Aging Trends and Challenges in Nevada*


Societal aging is one of the most important social trends of the 21 st century. It affects our political, social, and economic institutions and also the nature of our interpersonal and family relationships (Quadagno 2005). In the coming decades, both as individuals and as a society, we will have to make important decisions regarding the consequences of our aging population. Policy makers, families, businesses, local, state, and federal governments, health care providers will all be faced with the challenges of meeting the needs of the growing older population in the U.S. and in Nevada.

  • By the year 2020, the percent of the U.S. population over age 65 is expected to exceed 17%. Nearly one out of every five people will be over age 65.

Like other industrialized countries, the U.S. is experiencing a “graying” of its population as the proportion of people in older age groups grows faster than the proportion of the population in younger age groups. With the maturation of the Baby Boom generation, the largest cohort of people ever born, the U.S. can expect to face new challenges concerning the needs of the “boomers” born between 1946 and 1964, as well as those of the rapidly expanding cohort of citizens aged 85 years and older. The future will likely include three generations of “senior citizens” that will include the younger “pre-retirement” age group (who are contacted at age 50 by the AARP), middle-aged older “retirement qualified” individuals (age 65 to 75 or 80), and the oldest-old (those over 85 and well into the late 90’s and 100’s).

With these changes in mind, it is increasingly important to ask about the changing needs of our aging population and to investigate trends, similarities, and differences among older Americans. Furthermore, it is critical to ask about how these trends in population aging will impact the current older population as well as future generations of Nevadans. What will be the implications of aging in Nevada for social policies and the provision of services as the state’s older population continues to grow?

Although the entire country is experiencing population aging, Nevada’s “graying” process is unique. While Nevada’s rapidly growing population over the past 15 years has included a disproportionately large number of retired persons in our urban areas, Nevada also has many less populated areas where the increase in the percentage of elderly is a direct consequence of “aging in place” and the out-migration of younger people. This out-migration from rural areas coupled with the numbers of older Nevadans left behind in remote places means that rural Nevada is currently facing extraordinary challenges in providing needed services for their elderly citizens. Urban Nevada, however, is not without its own set of challenges created by the sheer size and enormity of the “senior citizen” population base. Nevada, with two large urban areas at opposite ends of the state and rural populations scattered between, will experience a variety of challenges in providing services for our aging population in the decades to come.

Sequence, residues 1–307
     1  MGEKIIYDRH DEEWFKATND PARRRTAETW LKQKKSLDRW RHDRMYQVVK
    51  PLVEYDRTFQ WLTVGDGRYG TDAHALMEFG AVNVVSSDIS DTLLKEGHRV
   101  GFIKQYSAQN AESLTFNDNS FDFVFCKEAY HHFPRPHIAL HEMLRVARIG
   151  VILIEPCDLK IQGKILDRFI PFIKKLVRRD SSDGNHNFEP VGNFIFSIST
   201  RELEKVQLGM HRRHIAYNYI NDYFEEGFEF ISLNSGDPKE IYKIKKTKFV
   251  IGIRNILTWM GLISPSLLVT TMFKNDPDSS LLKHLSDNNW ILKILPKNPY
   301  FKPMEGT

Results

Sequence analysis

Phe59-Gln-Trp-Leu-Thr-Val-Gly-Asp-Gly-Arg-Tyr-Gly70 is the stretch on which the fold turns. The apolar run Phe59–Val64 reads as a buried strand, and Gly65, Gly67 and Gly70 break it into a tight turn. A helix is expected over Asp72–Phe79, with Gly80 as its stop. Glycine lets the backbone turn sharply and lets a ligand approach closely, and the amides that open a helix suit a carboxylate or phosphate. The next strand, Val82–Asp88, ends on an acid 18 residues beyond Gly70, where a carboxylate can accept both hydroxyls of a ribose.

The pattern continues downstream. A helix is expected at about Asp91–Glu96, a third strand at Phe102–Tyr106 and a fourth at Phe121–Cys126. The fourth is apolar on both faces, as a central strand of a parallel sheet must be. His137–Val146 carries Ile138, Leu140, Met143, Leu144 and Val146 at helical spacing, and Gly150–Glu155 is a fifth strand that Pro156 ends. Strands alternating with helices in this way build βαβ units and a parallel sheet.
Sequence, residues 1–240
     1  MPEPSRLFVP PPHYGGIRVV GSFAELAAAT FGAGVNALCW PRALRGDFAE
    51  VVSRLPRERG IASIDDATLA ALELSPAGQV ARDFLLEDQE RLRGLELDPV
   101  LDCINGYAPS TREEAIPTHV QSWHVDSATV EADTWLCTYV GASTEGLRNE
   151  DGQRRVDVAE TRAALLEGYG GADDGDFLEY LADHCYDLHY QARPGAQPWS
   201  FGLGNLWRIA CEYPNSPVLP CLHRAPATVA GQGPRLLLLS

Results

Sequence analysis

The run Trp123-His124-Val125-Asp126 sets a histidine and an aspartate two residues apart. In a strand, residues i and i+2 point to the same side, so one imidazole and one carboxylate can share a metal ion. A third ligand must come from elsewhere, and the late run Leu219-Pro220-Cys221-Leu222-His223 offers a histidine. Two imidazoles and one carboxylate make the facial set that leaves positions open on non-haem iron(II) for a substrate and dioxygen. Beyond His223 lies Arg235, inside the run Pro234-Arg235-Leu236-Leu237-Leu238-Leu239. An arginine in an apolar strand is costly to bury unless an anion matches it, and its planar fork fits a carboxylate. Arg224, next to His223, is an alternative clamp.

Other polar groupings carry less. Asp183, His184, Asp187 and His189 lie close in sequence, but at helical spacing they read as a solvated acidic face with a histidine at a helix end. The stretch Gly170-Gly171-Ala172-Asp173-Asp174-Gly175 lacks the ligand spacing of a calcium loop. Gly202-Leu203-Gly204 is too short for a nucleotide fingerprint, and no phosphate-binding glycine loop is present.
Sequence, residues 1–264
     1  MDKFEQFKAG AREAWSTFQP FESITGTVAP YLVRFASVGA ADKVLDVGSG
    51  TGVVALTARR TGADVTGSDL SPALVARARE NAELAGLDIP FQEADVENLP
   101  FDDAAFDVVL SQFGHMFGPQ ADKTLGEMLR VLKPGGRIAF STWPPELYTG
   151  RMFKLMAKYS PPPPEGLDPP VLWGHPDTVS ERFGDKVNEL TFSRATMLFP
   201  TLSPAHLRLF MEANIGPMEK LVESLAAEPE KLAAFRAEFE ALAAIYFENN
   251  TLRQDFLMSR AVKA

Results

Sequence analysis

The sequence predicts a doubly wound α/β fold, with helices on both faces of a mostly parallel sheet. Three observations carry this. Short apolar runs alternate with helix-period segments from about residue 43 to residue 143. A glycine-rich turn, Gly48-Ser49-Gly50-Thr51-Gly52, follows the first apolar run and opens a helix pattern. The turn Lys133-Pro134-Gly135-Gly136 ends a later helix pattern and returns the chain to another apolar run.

The Older Population in the U.S.

Demographic changes, including increases in longevity, life expectancy, and prolonged life spans due to lifestyle, medical, and technological advances, have had the greatest impact on the population of older people who live well into their 80’s. According to the U.S. Census:

  • The proportion of the U.S. population over the age of 65 has been growing for several decades and is projected to increase from 12% in 2000, to 13% in 2010, and 20% in 2020.
  • Over the course of the 20 th century, the older population grew dramatically from about three million people to about 35 million.
  • From 1900 to 2000, the number of octogenarians and even older people grew from about 100,000 individuals to about 4.2 million people (Federal Interagency Forum on Aging-Related Statistics 2004).

The Baby Boom generation is currently the largest cohort of Americans and their maturation and aging processes have many potential consequences for social policy in the U.S. Baby Boomers will begin turning 65 in the year 2011 and are already part of the “pre-retirement” senior citizen population. The aging of the Baby Boom cohort will dramatically increase the number of people over 65 in the U.S., and once again affect policy as the boomers did when they started elementary school, entered the job market, and started families of their own, particularly during the period from 2010-2030 (Federal Interagency Forum on Aging-Related Statistics 2004).

The Older Population of Nevada 

In keeping with trends in the greater U.S., similar growth among the older population of Nevada is expected to occur in the coming decades.

  • The American Association of Retired Persons (AARP) reports that they have 288,000 members in Nevada, which is one indication of a large presence of mature citizens in the state.
  • Data from the U.S. Census demonstrates that in 2000, Nevada had an average of 11% of its population over 65, ranging from 6.6% in Elko County to 21.6% in Mineral County.
  • In 2000, Clark County had between 11 and 12% of its population over age 65, while neighboring Nye County had between 18 and 20% of its residents over 65.
  • Nye and Mineral counties have the highest percentages of people over 65, while Elko, Humboldt, Pershing, and Lander counties have the lowest percentages of residents over age 65 each ranging from about six to eight percent of their populations (U.S. Census Bureau, 2000).